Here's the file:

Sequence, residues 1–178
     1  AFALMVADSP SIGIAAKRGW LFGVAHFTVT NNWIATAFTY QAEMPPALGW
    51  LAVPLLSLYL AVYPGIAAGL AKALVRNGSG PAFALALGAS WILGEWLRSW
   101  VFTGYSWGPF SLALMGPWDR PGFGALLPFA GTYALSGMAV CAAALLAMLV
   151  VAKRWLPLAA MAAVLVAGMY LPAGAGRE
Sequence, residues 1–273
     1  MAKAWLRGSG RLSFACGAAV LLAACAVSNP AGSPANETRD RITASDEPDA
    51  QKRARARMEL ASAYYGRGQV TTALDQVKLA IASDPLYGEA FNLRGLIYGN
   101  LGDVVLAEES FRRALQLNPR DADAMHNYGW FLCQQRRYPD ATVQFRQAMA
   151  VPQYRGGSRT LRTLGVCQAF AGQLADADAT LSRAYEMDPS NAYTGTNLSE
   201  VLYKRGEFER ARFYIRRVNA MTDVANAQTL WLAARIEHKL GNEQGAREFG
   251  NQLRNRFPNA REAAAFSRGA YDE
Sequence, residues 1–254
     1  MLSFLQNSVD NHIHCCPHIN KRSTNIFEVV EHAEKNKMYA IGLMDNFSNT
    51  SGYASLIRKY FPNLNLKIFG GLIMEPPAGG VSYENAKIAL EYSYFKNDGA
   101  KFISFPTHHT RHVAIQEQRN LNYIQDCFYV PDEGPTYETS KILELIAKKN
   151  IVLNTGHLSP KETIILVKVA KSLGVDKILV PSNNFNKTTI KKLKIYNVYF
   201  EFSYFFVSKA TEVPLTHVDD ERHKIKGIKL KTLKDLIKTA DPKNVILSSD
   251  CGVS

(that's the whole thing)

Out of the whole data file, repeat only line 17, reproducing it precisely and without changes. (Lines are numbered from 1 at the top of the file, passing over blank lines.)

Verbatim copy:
   151  IVLNTGHLSP KETIILVKVA KSLGVDKILV PSNNFNKTTI KKLKIYNVYF